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November 29, 2001
Report Shows Pay For Freelancers In Steady Decline
by Sherril Steele-Carlin

The news has hit the streets, and it isn't good news for freelancers. The National Writer's Union (NWU) recently released a "Report on Pay Rates for Freelance Journalists." It studied freelance writing rates since the 1960s, and found, "In real dollars, freelance rates have declined by more than 50 percent since the 1960s."

They point out specific examples, such as "Good Housekeeping reported offering $1 a word in 1966 and the same $1 a word in 1998 - a full 80% decline in real pay." The NWU is advocating at least $1.00 per word as a base pay for freelance writers. They back up their rates with these facts - "...for most full-time freelance writers, selling and writing 3,000 or 4,000 words a month is about the best that they can expect to do -- two feature articles or the equivalent in smaller pieces. (This is more than most magazine staff writers write -- which is about 2,500 words a month.)

"At this level of output, a rate of a dollar a word means a gross income of $36,000 to $48,000 a year, out of which has to be taken expenses, insurance, and other benefits." On the other hand, staff writers for many of the same publications received wages and benefits that averaged out to over $2.00 per word. The NWU reports continues, "The average wage for staff positions ranges from $35,270 for news reporters to $45,500 for staff writers, plus benefits, according to the Bureau of Labor Statistics."

Freelancers aren't taking this news lightly. In her article, "Can You Afford To Freelance?" author Ursula Vogt interviews Meg Weaver of Wooden Horse Publishing, and author of Twelve New Things Writers Must Do Today To Make Money. Weaver says, "First we allow our customers to set the rates we will be paid. Then, we don't complain when the rates can't even feed a gerbil. It's time to put our proverbial foot down and stop accepting the pay and the rights publishers allow us to receive. Magazines are in the business to make money," she says, "It stands to reason that they won't voluntarily pay writers more. We have to 'convince' them. That means we can't undercut each other but to agree what reasonable rates are and to stand firm, even if we have to give up jobs in the short run."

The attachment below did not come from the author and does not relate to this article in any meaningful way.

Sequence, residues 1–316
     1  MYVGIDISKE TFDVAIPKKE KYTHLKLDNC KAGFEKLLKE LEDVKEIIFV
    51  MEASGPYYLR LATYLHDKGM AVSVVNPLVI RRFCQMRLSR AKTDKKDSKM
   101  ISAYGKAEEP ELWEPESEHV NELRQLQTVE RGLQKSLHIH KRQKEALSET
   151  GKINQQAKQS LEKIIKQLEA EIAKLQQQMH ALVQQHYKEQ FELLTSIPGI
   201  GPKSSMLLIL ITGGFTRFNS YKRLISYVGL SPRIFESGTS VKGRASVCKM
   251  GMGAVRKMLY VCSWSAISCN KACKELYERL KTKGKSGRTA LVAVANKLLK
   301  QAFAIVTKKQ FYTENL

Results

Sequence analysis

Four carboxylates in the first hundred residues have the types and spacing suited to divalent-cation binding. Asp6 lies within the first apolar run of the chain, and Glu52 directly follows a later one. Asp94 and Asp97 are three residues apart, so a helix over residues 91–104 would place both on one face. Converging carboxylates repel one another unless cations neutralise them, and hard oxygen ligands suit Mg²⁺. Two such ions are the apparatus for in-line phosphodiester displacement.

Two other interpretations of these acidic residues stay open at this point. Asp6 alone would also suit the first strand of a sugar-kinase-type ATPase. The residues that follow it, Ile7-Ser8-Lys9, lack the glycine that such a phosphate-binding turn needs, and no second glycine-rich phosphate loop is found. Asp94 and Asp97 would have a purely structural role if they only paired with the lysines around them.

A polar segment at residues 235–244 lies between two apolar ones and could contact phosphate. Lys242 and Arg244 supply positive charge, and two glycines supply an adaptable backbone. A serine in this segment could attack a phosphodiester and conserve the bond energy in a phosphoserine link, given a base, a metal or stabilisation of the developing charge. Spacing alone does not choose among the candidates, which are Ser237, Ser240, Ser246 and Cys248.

Kimberly Hill says in her article, "Rates Reality Check," "Unfortunately, the freedom of self-employment has a price in today's market, and freelancers frequently have to choose between having less money or less time than their counterparts in corporate jobs."

There are some things that freelancers can do to create better markets for their writing. Many writers advocate "specializing" in one particular field, thus becoming an expert, and commanding higher rates. Kimberly Hill says, " opinion has always been that corporate writing in general is an area overlooked by many freelancers. As publications lose advertising revenue and begin to pass those losses on to freelancers in the form of fewer assignments and lower rates, we need to be even better at marketing ourselves and negotiating for the highest rates possible."

The report also shows that freelancing doesn't really pay all that much for most freelancers. 50 per cent of writers make $10,000 or less per year from their writing. This is another reason to specialize and earn higher rates.

Freelancing can be a difficult lifestyle, yet thousands of freelancers are making it work every day. Rates, whether low or high, are part of a freelancer's life. Each freelancer needs to make their own decision about what is the right rate for them, and when it pays to negotiate for a higher rate. Until more publishers embrace the $1.00 per word minimum, freelancers may still have to work harder and longer to make a decent living.

Sherril Steele-Carlin is a full-time freelance writer from Reno, Nevada. She's published numerous articles in print and online publications. She's also the author of the new e-book
"How to get a Life by Living and Working in a National Park."
"How to Break Into Casino Jobs."
Visit her web site at

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